A man I knew indirectly (though he was a friend of many close friends) died last night. He was my age, with two very young children and a young wife left behind. My heart aches for their family. As I read through some of the loving words posted in various places about him, I grew annoyed by our society's queasiness about death. We have so many euphemisms that do not actually speak truth: he went home, he is with Jesus, he passed away, etc. The widow will be spoken of as having "lost her husband," as though she misplaced him on her last grocery run. As if he were a set of keys.
The man died. The only thing that eases the feeling of loss and theft is knowing that he truly is in a better place. He suffered a great deal in his last months here on earth, and while his family is freed of watching him suffer, helpless, they now face the unenviable task of figuring out what life looks like when there is a raw gaping hole in it. In them.
Yes, he is dancing with Jesus. Yes, they will be reunited one day.
But now? Today? This first day that the sun cruelly rose without him here on the earth? His family misses him. There is a very real permanence to death, at least for those who still live. They never get to speak to him, never get to hear his voice, and not acknowledging the profundity of that pain does them a disservice as grieving Christians who believe in life and hope hereafter.
So to those friends who know E and love her and get to speak to her, be kind. Let her miss him. Do not say that he is in a better place. She knows, and that knowledge still doesn't remove the ache of the fact that the place is, for now, unreachable by her. Do not quote Romans 8:28 (and we know that in all things, God works for the good of those who love Him, who are called according to His purpose). Tell her stories of her beloved. Share pictures she may not have of him. Cry with her as she yearns to see him again, even in a dream. Empathize with the sheer loneliness of a future without him. Do not feel the need to say anything. There will be times she'll need to be surrounded by the busy-ness of life in order to be comforted by the normalcy. There will be times she'll feel like it will never be normal again. There may be many tears over the new "normal." And God will be there with her, every step of the way, mourning with her even if she does as I did, shaking her fist at Him and asking why He didn't change things.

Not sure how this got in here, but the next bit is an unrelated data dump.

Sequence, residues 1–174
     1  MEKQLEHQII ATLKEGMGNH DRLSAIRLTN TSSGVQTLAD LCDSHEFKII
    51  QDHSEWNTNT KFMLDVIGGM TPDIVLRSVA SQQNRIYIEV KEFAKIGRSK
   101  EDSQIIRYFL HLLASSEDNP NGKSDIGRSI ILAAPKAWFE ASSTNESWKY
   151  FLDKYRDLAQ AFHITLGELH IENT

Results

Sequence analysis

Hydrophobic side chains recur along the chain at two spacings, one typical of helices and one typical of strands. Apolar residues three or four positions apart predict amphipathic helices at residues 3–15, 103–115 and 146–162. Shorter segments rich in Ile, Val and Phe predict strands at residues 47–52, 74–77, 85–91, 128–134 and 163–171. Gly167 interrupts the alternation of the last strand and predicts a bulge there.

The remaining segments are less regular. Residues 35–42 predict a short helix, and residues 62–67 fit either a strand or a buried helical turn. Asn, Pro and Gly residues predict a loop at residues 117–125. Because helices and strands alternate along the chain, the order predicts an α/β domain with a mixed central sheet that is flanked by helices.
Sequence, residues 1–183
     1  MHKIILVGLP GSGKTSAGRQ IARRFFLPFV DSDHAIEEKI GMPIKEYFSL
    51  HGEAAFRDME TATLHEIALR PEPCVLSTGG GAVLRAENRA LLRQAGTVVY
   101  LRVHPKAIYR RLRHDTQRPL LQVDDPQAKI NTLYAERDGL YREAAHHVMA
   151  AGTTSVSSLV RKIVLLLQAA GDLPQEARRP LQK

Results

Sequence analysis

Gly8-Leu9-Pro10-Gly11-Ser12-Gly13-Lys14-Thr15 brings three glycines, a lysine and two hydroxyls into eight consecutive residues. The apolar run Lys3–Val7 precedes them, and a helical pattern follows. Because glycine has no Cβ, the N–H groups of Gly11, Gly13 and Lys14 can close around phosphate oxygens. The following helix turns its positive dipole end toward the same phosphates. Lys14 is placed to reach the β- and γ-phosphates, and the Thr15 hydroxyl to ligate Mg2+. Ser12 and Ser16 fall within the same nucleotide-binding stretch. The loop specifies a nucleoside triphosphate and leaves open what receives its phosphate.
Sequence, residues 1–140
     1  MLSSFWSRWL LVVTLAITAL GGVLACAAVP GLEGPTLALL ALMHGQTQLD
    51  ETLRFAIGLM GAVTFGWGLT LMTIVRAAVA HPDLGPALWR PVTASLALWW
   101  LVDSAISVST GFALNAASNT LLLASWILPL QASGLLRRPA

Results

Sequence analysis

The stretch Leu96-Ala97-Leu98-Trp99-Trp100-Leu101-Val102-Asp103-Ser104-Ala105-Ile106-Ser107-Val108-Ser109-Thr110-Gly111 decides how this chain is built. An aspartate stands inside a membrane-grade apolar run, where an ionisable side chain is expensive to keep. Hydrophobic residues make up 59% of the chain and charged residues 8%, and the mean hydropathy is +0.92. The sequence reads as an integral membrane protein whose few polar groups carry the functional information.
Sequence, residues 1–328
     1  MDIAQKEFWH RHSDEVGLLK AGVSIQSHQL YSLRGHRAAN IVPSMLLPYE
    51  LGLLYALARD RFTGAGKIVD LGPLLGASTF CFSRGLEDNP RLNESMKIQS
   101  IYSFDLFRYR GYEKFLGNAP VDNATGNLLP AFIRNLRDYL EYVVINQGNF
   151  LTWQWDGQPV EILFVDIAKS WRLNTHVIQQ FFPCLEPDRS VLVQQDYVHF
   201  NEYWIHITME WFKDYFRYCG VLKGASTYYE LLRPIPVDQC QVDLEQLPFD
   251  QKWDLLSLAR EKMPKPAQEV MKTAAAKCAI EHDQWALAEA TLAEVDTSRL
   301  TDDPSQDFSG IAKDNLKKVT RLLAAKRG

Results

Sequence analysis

E'en for the dead, I will not bind my soul to grief. Death cannot long divide.
For is it not as though the rose that climbed my garden wall has blossomed on the other side?
Death does hide, but not divide.
You are but on Christ's other side!
You are with Christ, and Christ with me.
In Christ united still are we.